Mar 312009

Universal calculated measures in MDX queries was the title of my session in SQLBits IV conference held in Manchester on 28th of March, 2009. Abstract of it follows.

Among many of its functions, MDX language has one special set function – Axis() function. That function allows creation of calculated measures that are fully context aware and, if wanted, don’t need to refer to any dimension or hierarchy in the cube. In other words, such measures are universal or independent, which means they can be used in any MDX query.
In this session we will present such measures and explain how they work. We’ll also show the way how to design them for various scenarios and discuss their potentials and weaknesses.

The presentation together with all the queries, SSAS projects (based on Adventure Works 2008 sample) and other materials can be downloaded here.

Since this topic of using Axis() function is much bigger than what can fit in an hour or so, my intention is to write a paper on this subject, similar to papers about utility (shell) dimension found here or many-to-many dimensional modeling found here, in order to present and explain all the findings in a proper manner, so that they can be used in various BI projects. The plan is to publish it here, in this blog by May 2009. Working title? Universal calculations in MDX.

  2 Responses to “Universal calculated measures”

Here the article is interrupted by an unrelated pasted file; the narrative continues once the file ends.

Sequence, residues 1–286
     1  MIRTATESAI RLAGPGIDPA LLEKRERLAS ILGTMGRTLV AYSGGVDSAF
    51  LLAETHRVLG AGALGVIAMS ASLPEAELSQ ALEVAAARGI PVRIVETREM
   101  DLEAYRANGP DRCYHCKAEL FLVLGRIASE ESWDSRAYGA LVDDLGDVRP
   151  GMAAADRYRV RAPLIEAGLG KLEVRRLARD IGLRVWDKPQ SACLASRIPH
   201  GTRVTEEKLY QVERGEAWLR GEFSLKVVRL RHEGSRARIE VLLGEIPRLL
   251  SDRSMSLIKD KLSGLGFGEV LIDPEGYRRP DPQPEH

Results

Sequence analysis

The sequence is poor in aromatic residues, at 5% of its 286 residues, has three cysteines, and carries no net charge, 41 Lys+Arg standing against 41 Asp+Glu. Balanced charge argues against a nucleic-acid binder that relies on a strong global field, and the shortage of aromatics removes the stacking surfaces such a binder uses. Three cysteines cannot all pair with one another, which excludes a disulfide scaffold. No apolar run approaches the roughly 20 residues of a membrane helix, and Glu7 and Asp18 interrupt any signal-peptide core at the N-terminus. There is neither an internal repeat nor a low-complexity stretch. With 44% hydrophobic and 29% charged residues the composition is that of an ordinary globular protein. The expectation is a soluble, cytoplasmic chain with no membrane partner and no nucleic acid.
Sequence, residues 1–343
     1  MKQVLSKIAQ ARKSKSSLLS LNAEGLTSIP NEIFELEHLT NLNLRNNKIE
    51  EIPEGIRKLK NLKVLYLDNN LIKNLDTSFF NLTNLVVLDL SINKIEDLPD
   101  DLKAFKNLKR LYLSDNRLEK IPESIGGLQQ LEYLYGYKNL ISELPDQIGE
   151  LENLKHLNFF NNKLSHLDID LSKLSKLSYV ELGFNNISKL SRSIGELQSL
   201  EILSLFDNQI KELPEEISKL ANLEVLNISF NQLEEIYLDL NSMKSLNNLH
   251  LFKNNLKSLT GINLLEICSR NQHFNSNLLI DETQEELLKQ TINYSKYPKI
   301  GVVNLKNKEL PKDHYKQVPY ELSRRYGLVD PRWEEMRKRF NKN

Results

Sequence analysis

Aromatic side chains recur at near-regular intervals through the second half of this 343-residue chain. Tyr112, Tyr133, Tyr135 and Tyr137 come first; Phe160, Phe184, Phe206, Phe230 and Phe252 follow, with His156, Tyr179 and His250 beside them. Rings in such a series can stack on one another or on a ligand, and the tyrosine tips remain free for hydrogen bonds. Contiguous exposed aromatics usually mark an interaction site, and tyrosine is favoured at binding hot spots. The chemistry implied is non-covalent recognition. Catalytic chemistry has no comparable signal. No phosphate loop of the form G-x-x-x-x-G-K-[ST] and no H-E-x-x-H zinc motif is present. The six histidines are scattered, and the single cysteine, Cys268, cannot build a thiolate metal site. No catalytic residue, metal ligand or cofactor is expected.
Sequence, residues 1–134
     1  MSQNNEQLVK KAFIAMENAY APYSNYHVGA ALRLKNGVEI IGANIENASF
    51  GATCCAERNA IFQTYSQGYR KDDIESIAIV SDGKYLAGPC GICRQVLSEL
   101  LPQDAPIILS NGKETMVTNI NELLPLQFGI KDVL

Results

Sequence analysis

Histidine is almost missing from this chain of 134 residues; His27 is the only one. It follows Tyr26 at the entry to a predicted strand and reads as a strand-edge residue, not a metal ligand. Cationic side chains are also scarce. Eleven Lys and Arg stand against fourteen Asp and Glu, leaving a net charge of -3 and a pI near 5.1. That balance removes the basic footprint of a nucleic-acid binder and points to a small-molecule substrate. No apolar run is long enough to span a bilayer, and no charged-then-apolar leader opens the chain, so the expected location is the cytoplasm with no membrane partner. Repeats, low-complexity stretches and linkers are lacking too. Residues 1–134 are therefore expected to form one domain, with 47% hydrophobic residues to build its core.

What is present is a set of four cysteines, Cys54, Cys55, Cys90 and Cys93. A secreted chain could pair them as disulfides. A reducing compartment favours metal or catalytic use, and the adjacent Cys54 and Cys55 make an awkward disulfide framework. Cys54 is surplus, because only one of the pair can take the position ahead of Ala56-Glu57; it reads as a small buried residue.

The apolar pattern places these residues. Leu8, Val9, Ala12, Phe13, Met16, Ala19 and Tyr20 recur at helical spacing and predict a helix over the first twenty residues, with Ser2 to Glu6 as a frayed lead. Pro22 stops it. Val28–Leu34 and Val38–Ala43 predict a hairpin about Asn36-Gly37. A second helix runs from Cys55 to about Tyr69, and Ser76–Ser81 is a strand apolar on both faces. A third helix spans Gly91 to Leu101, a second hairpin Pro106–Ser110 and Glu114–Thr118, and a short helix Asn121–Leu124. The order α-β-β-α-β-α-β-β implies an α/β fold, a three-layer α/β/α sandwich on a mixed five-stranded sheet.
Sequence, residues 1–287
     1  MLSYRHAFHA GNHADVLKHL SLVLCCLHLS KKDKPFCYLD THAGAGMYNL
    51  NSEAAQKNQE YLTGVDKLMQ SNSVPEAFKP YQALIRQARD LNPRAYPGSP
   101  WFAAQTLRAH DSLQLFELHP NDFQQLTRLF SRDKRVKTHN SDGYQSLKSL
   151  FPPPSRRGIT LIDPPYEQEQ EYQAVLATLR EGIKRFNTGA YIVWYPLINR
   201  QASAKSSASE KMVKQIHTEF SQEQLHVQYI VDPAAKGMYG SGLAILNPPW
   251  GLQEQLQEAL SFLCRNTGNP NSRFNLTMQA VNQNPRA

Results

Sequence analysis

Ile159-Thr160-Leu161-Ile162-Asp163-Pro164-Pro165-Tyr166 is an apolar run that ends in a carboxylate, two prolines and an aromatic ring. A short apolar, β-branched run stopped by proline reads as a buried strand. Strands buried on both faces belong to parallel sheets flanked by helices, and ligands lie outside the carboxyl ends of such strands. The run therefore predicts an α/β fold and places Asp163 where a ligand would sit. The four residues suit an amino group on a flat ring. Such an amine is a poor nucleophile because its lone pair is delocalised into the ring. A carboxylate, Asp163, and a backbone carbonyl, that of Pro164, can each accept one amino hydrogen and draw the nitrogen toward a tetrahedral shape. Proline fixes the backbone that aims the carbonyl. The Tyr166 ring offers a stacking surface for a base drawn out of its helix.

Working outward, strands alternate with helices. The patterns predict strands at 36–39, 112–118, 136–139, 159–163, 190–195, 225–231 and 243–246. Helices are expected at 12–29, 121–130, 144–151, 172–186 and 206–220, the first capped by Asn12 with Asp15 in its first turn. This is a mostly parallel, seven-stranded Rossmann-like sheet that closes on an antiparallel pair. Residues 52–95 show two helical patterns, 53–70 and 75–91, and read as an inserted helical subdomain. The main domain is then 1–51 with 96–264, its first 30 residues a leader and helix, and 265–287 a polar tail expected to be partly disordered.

1. I think one thing that will need some research is the impact that Axis() has on performance. I’m fairly sure any use of it will prevent use of the formula cache, and I don’t know whether it forces cell-by-cell evaluation too…

  2. The use of Axis() can indeed have a very bad impact on performance. It does prevent formula cache. Most likely it also prevents bulk evaluation. But, it’s not the only MDX function with such behaviour. String handling functions, to name one kind of them, have the same negative impact on performance, yet people use them in implementation, sometimes because they don’t know how else to solve things, sometimes because the situation really requires so.

    On the other side, there were situations (some MDX puzzles on SSAS forum) when I used string handling functions and achieved the fastest query result compared to other, set-based or recursion-based calculations made by others. So it really depends on a particular case and what is being tried to accomplish.

    In general, it’s a trade-off. One looses some performance while achieving more flexibility on the other side. The amount of loss is very important and that is something I intend to investigate for sure and give recommendations (and code of course) on how to minimize that loss.

    I’ve already presented in my session how the blind use of Axis() in a search-replace manner dramatically kills performance. I also presented some ideas on how to regain it by rethinking about each calculation and what it does in its essence. Finally, I emphasised that it is necessary to fine-tune all calculations that use Axis() function since they tends to slow the query response, sometimes even notoriously.

    Putting away all the pluses and minuses one gains by using Axis() function, the bottom line is that this is an area not properly explored and as such – a call for adventure.

    Do I read between the lines that you’re interested in taking part in this? If so, consider yourself invited :-).

    Oh, and thanks for the first comment in my blog so far (by anyone)!

 Leave a Reply

You may use these HTML tags and attributes: <a href="" title=""> <abbr title=""> <acronym title=""> <b> <blockquote cite=""> <cite> <code> <del datetime=""> <em> <i> <q cite=""> <s> <strike> <strong>